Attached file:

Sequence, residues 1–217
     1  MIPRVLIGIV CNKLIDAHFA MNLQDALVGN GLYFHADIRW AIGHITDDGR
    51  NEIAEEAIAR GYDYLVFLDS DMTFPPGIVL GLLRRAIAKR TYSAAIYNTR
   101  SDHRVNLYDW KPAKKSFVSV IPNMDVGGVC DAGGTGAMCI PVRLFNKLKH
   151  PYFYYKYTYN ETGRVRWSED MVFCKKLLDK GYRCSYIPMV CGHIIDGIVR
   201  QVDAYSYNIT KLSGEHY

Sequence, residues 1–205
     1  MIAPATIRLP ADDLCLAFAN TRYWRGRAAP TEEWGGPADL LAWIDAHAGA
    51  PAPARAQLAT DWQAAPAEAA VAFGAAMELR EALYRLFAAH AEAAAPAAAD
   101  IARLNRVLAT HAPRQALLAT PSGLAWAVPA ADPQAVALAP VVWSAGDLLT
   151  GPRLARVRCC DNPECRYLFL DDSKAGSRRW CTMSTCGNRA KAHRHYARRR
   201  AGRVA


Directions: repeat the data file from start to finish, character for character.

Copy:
Sequence, residues 1–217
     1  MIPRVLIGIV CNKLIDAHFA MNLQDALVGN GLYFHADIRW AIGHITDDGR
    51  NEIAEEAIAR GYDYLVFLDS DMTFPPGIVL GLLRRAIAKR TYSAAIYNTR
   101  SDHRVNLYDW KPAKKSFVSV IPNMDVGGVC DAGGTGAMCI PVRLFNKLKH
   151  PYFYYKYTYN ETGRVRWSED MVFCKKLLDK GYRCSYIPMV CGHIIDGIVR
   201  QVDAYSYNIT KLSGEHY

Sequence, residues 1–205
     1  MIAPATIRLP ADDLCLAFAN TRYWRGRAAP TEEWGGPADL LAWIDAHAGA
    51  PAPARAQLAT DWQAAPAEAA VAFGAAMELR EALYRLFAAH AEAAAPAAAD
   101  IARLNRVLAT HAPRQALLAT PSGLAWAVPA ADPQAVALAP VVWSAGDLLT
   151  GPRLARVRCC DNPECRYLFL DDSKAGSRRW CTMSTCGNRA KAHRHYARRR
   201  AGRVA